||CyberSky (16-bit) v2.0e Description:|
is a colorful, easy-to-use program that transforms your computer screen into a planetarium, allowing you to learn about astronomy by exploring the sky in the past, present, and future. View the positions of 8,403 stars in the sky to a magnitude of 6.5. Simply click on the star to display information, such as their Bayer and Flamsteed designations, magnitudes, spectral types, and times of rising, transiting, and setting. Learn the proper names of 248 of the brightest stars, such as "Betelgeuse" and "Rigel". View all 88 internationally recognized constellations. Constellations are categorized as "zodiac", "major", and "minor", and are displayed in different colors to help you learn them more easily. Display 99 of the easiest to see deep sky objects. View the positions of the sun, moon, and all planets of the solar system in the sky. Information about those objects, such as their distances from the earth and their times of rising, transiting, and setting are available by simply clicking on them. Display reference lines such as the ecliptic, celestial equator, galactic equator, and equatorial coordinate system grid lines. Display reference points such as the north and south poles of the ecliptic, equatorial, and galactic coordinate systems. Display the galactic equator to help you find the milky way.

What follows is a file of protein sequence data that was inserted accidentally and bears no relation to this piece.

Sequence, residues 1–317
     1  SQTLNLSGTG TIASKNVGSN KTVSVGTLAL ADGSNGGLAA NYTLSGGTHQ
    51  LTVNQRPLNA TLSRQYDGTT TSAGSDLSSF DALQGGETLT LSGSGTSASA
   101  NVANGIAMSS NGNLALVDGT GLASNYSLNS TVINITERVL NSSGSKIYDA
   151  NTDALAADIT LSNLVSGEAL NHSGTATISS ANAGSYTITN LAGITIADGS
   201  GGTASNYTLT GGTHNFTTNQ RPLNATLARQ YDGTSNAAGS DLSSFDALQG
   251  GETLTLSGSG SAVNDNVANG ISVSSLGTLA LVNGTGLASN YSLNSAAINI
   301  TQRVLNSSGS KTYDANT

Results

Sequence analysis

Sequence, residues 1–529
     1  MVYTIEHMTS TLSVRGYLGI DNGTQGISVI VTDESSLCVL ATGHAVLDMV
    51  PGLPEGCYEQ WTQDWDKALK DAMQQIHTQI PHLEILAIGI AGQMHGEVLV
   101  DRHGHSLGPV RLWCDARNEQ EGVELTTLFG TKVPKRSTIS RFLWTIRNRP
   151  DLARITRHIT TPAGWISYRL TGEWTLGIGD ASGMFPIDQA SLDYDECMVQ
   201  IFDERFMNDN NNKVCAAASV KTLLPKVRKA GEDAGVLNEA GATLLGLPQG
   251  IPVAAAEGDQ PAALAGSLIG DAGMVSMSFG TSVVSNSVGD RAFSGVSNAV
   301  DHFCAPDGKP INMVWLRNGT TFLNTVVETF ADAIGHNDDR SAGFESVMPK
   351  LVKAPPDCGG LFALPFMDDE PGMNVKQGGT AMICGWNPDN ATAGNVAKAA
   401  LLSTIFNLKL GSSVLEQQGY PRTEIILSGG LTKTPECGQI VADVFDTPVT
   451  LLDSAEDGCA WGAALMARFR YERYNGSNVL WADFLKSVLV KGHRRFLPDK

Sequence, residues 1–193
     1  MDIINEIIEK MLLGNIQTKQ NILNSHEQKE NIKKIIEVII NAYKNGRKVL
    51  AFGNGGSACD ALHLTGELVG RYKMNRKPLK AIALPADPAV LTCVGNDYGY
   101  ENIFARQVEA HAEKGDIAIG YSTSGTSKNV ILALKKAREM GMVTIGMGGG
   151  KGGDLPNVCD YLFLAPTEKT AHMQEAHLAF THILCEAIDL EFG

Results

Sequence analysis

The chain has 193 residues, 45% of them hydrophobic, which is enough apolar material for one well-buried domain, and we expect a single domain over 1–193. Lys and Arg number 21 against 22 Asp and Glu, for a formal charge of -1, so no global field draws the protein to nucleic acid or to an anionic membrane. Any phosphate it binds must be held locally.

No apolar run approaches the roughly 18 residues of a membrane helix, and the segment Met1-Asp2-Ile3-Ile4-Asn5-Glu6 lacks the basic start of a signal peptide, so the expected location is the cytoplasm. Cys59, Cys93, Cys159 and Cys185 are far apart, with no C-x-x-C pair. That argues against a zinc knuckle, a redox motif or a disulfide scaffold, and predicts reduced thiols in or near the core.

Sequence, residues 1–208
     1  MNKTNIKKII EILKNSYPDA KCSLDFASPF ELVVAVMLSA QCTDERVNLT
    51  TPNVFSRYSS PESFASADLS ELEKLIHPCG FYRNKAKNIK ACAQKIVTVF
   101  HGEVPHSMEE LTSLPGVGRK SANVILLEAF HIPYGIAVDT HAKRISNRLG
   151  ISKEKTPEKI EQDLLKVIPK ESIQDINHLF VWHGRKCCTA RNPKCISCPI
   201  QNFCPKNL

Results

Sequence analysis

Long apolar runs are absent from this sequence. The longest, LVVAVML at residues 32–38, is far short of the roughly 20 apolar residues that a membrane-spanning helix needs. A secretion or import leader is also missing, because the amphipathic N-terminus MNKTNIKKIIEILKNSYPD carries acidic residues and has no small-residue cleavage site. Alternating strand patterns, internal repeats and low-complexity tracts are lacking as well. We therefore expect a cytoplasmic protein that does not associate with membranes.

View the sky from the North Pole, Equator, or South Pole, or from any one of the over 600 cities in CyberSky's location database. Latitudes, longitudes, and time zones are provided for you. Simply select the city you live in, or the nearest city included in the database, and you are ready to go.
Choose to view the sky at any date and time between the years 4000 BC and 4000 AD. View the sky as it will appear next weekend, next year, or as it appeared to the Egyptians at the time the great pyramids where being built. One of CyberSky's most powerful and educational features is its ability to animate the display, allowing you to see movies of the changing appearance of the sky over time. Choose an animation time step, click a toolbar button, and then sit back and watch the stars and bodies of the solar system move across the display. Over time the direction that the earth's axis points changes. CyberSky will show you the effect this has on the appearance of the sky over time.
Understand the dynamics of the sky by performing the steps in the Explorations section of the programís help file. You will be able to learn about such topics as precession of the equinoxes, proper motion, and retrograde motion of the planets not by reading a description but by watching these effects in the sky as simulated by CyberSky. You can also learn astronomical terminology by reading through the help file's extensive glossary section. Other sections of the help file include diagrams and tables of astronomical information.
Print the display in either black on white or in color to create your own sky charts you can use to identify stars, constellations, and the bodies of the solar system in the sky.